Arkansas’ GOP Governor Says He Won’t Back Trump in the Next Election
Arkansas Republican Gov. Asa Hutchinson says he won't support a future Donald Trump run for president just because he's a member of the same party, explaining to CNN over the weekend: "I would not support him for re-election in 2024."
Trump is widely expected to at least float the possibility of a 2024 campaign, after losing re-election to Joe Biden in November, and Hutchinson previously supported a potential Trump reelection bid.
But in the wake of the Jan. 6 insurrection at the Capitol by a mob of Trump supporters — who had listened that same day as Trump baselessly claimed that the country was being stolen out from under them — the Arkansas Republican says he has changed his mind.
"He will only define our party if we let him define our party," Hutchinson, 70, said in a Sunday appearance on CNN's State of the Union.
The governor continued: "He has a loud megaphone, but we have to have many different voices, and in my view we can't let him define us for the future because that would just further divide our country and it would hurt our Republican Party."
Hutchinson's break underlines the current division in the GOP about its future — after both Trump's loss and then January's Capitol attack, in which five people died. The House quickly charged Trump with incitement.
Those Republicans who spoke out against Trump, even voting to impeach or convict him in his Senate trial, have faced backlash from the conservative base.
At the same time, Trump has signaled he is not going to retreat into political retirement, instead planning to influence the 2022 midterms from Palm Beach, Florida.
Hutchinson's nephew, Louisiana State Sen. Jim Hendren, announced last week that he was leaving the Republican Party due to its embrace of Trump. Hendren said he is now an independent.
In a nine-minute video posted to his Twitter account, Hendren, 57, criticized Republican lawmakers for not doing more to stop the 74-year-old Trump, noting that the insurrection was "the final straw."
"I asked myself, what in the world would I tell my grandchildren when they asked one day what happened, and what did I do about it?" Hendren said in the video.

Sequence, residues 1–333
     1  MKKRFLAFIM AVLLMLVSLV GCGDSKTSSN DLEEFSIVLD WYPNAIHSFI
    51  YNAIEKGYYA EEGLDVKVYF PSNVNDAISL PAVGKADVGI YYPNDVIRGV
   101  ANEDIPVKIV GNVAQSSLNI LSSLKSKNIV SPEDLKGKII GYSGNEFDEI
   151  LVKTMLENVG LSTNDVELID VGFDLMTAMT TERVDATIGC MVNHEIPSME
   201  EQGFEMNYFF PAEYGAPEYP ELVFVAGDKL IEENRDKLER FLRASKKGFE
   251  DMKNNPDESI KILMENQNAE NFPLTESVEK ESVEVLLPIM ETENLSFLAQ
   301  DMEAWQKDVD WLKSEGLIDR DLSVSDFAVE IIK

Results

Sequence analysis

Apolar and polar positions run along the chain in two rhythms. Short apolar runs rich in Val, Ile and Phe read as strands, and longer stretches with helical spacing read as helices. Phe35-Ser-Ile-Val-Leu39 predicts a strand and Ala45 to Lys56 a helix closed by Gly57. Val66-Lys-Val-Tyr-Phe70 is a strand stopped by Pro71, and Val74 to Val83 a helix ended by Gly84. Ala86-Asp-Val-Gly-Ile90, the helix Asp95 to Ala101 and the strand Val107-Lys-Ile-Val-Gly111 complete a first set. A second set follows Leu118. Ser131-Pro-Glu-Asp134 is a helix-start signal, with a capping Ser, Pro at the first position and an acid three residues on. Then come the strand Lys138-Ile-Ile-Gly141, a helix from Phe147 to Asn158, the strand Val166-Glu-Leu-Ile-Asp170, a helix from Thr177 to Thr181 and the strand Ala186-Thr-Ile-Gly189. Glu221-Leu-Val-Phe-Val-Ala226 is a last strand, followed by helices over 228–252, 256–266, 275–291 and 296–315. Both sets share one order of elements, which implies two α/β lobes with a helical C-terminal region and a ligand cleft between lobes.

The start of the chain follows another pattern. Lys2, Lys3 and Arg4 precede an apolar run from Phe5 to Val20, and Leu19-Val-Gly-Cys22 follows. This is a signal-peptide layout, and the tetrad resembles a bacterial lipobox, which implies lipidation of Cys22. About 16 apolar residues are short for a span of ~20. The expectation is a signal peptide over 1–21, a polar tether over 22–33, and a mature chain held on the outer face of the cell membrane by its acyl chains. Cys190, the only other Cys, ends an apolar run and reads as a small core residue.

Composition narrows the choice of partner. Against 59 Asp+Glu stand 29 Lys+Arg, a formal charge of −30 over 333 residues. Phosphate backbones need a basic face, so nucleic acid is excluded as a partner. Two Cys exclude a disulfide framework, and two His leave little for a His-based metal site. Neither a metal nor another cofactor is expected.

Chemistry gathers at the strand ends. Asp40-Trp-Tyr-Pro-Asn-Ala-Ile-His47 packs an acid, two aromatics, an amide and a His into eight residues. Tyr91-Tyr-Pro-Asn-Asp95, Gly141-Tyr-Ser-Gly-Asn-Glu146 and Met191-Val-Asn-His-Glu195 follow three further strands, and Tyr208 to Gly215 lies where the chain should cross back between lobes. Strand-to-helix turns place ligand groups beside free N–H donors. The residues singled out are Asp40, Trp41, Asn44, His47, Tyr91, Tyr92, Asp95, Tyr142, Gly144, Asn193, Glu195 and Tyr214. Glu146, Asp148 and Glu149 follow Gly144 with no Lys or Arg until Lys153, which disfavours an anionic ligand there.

Saying he had "tremendous respect" for his nephew's announcement, Hutchinson told CNN's Dana Bash that Hendren's decision should serve as "a warning sign" for others in the Republican Party.
Still, Hutchinson said he had no plans to abandon the GOP himself: "Sure, we have personalities that come and go, but when we stick to our principles, that's a good future. And that's where I am. Right with the party, trying to build it for the future on a conservative basis."
Trump, who will speak at the Conservative Political Action Conference this coming weekend, reportedly plans to convey a message that he remains in charge of the party, despite his defeat. He has touted his enduring strength with rural voters, for example, and argued Republicans do better with him on the ticket.
A source told Axios that the former president also plans to encourage primaries of those who have crossed him in the path (such as the Republicans who voted in favor of his second impeachment).
One of the Republicans to vote in favor of Trump's impeachment is Rep. Adam Kinzinger, who has also expressed frustration with his party's refusal to denounce Trump amid his most incendiary behavior.
In an op-ed for The Washington Post while Trump was on trial in the Senate this month, Kinzinger urged his fellow GOP lawmakers to convict. Ultimately, seven Republican senators voted guilty, which was less than the 17 needed to convict but the most guilty votes ever against a president by his own party.
"If the GOP doesn't take a stand, the chaos of the past few months, and the past four years, could quickly return. The future of our party and our country depends on confronting what happened — so it doesn't happen again," Kinzinger wrote in his column.
In his Sunday interview with CNN, Hutchinson noted that Trump would continue to "have a voice, as former presidents do," but added that the GOP needed to chart its own path rather than relying solely on the former president.
"There's many voices in the party … he's not going to define our future. We've got to define it for ourselves and that has to be based upon the principles that gave really us the strength in America," Hutchinson said. "We've got to respond to the people that like Trump. We've got to respond and identify with the issues that gave him the first election and gave him support throughout his presidency."
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